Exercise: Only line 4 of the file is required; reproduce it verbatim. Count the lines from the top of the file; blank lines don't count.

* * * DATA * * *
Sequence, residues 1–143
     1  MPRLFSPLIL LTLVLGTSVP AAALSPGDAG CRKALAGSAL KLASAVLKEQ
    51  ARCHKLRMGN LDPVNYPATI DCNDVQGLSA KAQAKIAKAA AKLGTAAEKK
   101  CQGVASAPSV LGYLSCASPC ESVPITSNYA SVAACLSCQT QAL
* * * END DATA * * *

   101  CQGVASAPSV LGYLSCASPC ESVPITSNYA SVAACLSCQT QAL